Marks and Remarks
Food for the Mind and Eye

No. 0088, August 11, 2015

DEPT. OF SOCIAL STUDIES


The Myth of a "Free" Society




Copyright 2015 by S. W. Paul Wyszkowski

     Technically, "free society" is an oxymoron. Technically, because "free" is unqualified and so presumed to mean "absolutely free" which, of course, it doesn't. A society implies agreement (or coercion) to conform to certain rules. All we can say is that some societies are freer than some others in some particular aspects.

     In actuality, the degree of freedom in any society is indefinite, a dynamic equilibrium between individual will and what the social structure will tolerate. It's a matter of what the rules are and how strictly they are observed and enforced vs. individual natures and desires of the members.

     Ideally, the objective of a society is to enhance the quality of life for its members. Often, however, the objective is to enhance the quality of life of the rule makers. In a democratic society the rule makers are the members of the society but this, typically, tends toward anarchy and social disintegration. Somewhere between majority rule and dictatorship lies the sweet spot where order and chaos are balanced so as to allow all members to prosper and enjoy life more than if they had to go it alone. Of course, not everybody will be equally happy and some will be very unhappy which is how societies evolve, for better or worse. Freer societies tend to evolve (or devolve) faster so they provide their members with a more exciting experience.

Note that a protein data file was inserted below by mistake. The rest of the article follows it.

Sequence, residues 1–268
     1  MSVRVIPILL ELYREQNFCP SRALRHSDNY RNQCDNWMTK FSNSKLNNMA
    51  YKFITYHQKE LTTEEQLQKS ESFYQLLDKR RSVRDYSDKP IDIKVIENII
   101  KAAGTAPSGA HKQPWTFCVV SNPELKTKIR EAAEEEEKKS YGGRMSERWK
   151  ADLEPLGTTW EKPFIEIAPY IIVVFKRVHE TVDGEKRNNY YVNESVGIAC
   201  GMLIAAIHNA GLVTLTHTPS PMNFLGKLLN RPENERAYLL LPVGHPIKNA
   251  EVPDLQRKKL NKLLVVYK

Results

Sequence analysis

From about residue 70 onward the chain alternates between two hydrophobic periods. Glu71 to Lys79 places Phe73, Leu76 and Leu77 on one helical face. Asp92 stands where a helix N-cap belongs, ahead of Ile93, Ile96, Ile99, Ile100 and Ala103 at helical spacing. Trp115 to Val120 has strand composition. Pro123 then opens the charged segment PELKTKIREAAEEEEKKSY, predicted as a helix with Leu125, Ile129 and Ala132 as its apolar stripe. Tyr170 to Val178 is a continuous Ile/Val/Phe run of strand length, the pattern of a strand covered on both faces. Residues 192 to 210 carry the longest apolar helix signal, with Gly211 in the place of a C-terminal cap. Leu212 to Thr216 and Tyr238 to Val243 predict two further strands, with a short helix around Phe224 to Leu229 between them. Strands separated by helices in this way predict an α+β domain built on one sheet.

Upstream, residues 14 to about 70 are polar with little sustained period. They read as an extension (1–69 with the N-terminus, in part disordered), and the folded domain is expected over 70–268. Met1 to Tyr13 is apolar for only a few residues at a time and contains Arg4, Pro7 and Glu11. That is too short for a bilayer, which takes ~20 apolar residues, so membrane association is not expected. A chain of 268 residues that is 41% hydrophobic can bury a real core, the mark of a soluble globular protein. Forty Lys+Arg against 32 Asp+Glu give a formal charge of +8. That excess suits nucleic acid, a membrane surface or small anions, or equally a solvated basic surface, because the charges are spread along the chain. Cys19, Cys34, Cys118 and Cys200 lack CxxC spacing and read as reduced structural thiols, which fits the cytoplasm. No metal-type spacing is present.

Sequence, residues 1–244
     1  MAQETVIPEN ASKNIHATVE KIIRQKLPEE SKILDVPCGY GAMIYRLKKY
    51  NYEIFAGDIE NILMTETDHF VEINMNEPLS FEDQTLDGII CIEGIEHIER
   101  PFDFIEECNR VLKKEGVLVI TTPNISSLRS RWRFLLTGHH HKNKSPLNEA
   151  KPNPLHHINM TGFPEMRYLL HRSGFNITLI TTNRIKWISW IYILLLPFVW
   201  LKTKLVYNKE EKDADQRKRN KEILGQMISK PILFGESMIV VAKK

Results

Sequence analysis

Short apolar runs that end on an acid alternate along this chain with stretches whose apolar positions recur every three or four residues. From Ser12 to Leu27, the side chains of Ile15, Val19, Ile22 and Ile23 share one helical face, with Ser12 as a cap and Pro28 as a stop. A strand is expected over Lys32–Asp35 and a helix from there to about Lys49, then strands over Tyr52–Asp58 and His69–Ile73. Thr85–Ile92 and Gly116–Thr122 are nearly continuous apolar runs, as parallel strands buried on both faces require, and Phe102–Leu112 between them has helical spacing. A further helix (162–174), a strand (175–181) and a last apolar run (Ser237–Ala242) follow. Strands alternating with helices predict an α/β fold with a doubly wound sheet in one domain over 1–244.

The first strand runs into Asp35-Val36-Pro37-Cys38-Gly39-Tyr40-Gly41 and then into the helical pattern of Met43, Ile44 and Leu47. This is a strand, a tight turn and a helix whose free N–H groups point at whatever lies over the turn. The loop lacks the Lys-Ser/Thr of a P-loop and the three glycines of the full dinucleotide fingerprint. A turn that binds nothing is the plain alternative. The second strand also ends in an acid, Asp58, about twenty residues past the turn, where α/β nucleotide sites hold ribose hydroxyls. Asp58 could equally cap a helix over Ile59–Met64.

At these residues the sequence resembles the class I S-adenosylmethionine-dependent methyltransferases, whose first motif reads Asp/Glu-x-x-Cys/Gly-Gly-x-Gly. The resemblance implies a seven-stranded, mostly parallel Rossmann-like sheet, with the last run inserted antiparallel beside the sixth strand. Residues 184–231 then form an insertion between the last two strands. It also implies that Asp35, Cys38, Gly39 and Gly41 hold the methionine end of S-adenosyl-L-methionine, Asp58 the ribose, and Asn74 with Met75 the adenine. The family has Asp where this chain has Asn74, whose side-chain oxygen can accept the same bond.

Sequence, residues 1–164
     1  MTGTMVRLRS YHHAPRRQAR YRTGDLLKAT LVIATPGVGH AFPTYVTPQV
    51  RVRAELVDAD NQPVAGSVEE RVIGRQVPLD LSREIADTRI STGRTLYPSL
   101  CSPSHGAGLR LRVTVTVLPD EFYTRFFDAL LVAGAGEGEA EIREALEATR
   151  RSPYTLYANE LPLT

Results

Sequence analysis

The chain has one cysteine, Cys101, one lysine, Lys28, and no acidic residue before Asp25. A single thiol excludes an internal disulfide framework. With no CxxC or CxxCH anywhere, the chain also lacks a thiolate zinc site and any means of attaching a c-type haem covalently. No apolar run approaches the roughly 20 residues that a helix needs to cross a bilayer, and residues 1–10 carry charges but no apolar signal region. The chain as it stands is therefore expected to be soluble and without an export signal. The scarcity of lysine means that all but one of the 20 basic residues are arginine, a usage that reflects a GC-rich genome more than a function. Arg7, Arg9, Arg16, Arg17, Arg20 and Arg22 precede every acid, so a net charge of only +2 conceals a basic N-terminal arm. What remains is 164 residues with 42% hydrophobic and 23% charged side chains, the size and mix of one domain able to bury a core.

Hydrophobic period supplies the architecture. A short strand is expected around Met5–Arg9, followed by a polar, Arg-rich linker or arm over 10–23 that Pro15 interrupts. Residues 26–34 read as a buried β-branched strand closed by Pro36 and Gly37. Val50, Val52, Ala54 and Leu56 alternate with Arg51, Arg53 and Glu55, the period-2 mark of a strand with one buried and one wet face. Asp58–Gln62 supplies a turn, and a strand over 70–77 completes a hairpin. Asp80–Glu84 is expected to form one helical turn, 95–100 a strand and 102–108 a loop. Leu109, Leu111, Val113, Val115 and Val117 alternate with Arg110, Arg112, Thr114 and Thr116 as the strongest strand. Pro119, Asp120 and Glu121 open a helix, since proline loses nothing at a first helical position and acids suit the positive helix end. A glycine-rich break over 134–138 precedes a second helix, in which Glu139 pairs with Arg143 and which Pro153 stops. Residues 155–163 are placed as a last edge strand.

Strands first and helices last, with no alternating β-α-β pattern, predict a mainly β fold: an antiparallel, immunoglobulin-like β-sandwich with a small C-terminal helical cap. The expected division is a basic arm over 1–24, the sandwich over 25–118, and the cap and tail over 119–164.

"I take it," says Prickles, the hedgehog I live with, "we are living in one of the freer societies?" What leads you to that conclusion? "The chaos and irrationality," she says. What about our high standard of living? "Maybe in a freer society our angelic nature is prevailing?" she ventures a guess. Prickles is an optimist.

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